Taking a ride in a glider has been on my bucket list for twenty years. A while ago, Genie told me she wanted to give me a glider ride for my birthday. Once we scheduled a flight, I have to admit I had a few anxious moments thinking about getting in a plane with no engine. I began to realize the limits of my courage.
But, I went ahead, despite my reservations, which did not lessen when I saw the age and condition of the glider. My pilot was a cheerful Brit who had seen the light and moved to Boulder many years ago. I signed up for a full hour, so we could go up into the mountains and fly around our cabin.
Glad I went, it was a wonderful experience. Got a perspective on the mountains it is impossible to get on the ground. Saw lakes I didn't know existed. And, in an added bonus, we got to see the aspen leaves as they were turning their beautiful fall colors. Enjoy.
And inspecting the plane
I climbed in the front seat, preparing for take off
The pilot had to look over my shoulder to see the instrument gauges. There are two sets of controls so either seat can fly.
Our ride into the sky was a converted Piper crop duster, plenty of power to pull. Wasn't too excited to see a tow rope, not a cable, but a rope.
The proprietor had to hold up our wingtip so it would not drag when we took off.
Our runway was a narrow, cracked up asphalt road. We bounced along the ground. And then...
It was a beautiful sunny day for a flight
At the higher elevations, the aspen leaves are turning
You can see Gold Lake to the right of the canyon
It took twenty minutes or so for us to get up over 10,000 feet so we could safely fly over the cabin. My pilot said, "I'm going to take us north for a bit to gain altitude and then we will circle back over your cabin." He then proceeded to swing wide right, like a water skier. Next thing, the tail of the tow plane pulled to the right, and off we went with my pilot guiding the tow plane.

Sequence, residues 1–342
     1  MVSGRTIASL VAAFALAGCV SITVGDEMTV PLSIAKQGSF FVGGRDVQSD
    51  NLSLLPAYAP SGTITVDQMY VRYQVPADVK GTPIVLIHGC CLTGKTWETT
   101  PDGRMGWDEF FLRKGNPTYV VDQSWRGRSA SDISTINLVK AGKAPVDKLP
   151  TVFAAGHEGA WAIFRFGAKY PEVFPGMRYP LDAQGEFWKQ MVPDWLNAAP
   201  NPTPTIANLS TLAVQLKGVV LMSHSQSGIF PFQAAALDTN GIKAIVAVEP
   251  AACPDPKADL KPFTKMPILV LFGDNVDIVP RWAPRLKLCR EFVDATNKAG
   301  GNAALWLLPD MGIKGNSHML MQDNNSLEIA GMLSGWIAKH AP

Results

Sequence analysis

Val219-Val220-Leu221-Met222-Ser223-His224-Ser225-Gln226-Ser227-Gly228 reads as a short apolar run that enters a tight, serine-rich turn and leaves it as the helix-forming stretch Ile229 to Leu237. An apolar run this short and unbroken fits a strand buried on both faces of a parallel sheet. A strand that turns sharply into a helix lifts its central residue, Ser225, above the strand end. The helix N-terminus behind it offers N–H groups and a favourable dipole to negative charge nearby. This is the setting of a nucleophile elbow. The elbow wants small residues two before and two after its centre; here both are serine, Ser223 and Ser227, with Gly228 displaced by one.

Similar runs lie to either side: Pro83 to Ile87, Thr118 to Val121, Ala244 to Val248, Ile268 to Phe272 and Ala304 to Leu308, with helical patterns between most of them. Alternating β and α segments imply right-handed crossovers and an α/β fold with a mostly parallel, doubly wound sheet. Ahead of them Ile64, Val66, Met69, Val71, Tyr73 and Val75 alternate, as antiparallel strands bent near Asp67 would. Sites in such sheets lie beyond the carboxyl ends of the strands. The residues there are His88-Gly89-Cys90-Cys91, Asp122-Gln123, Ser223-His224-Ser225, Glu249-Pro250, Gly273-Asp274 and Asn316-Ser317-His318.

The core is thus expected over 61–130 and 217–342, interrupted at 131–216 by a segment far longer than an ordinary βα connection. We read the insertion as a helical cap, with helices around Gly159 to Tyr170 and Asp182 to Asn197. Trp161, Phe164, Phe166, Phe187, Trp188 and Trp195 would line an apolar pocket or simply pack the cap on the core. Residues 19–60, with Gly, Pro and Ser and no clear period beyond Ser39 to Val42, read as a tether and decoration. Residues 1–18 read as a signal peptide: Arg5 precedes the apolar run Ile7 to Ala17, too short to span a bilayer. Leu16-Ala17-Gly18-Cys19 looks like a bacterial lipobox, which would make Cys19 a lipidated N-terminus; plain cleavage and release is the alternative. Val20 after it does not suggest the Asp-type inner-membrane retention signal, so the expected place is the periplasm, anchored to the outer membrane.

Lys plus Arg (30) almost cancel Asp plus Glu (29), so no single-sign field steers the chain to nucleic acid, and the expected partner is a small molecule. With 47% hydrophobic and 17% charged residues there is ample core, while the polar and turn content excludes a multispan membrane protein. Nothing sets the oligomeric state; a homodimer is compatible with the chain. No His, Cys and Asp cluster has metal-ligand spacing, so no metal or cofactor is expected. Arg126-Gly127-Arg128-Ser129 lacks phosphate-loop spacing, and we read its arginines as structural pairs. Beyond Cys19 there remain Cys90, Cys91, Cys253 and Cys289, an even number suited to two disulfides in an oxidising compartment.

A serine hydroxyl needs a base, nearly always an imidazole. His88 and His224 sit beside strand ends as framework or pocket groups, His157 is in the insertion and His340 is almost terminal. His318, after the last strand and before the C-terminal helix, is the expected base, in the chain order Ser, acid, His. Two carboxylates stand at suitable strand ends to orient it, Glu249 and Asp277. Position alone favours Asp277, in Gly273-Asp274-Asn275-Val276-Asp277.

Here you see Gold Hill, an old mining town with a dirt main street and wooden buildings, a real old west town. It nearly burned three years ago in a forest fire that we watched from our front porch.
Once we had gotten to 10,500 feet, the Piper towed us back down over Gold Lake
When I pull the release. Don't worry about it.
And then, we were free, gliding through the mountain air with no power. Here you see the Ward townsite, with the Aspens aglow.
Looking up into the Indian Peaks wilderness and the Continental Divide. You can see Lefthand Reservoir and Brainard Lake in the distance
You can see the flaming Aspens and the rocky knob at the peak of Burnt Mountain as we fly over.
Here is our cabin, sitting on the flank of Eagle Peak. You can see the red colors of the bushes and ground cover where we have done fire mitigation clearing.
We flew right over the cabin.
Another mountain lake I had not seen before.
As we began our descent, we circled over the foothills, looking for elusive thermals that would let us gain altitude.
Many of the beautiful homes that sit back from the road become visible from the air.
Time to go home. We circled a couple of more times, then lined up with the runway for a landing. Got to admit it took a couple of hours for my stomach to come back to earth. What an experience.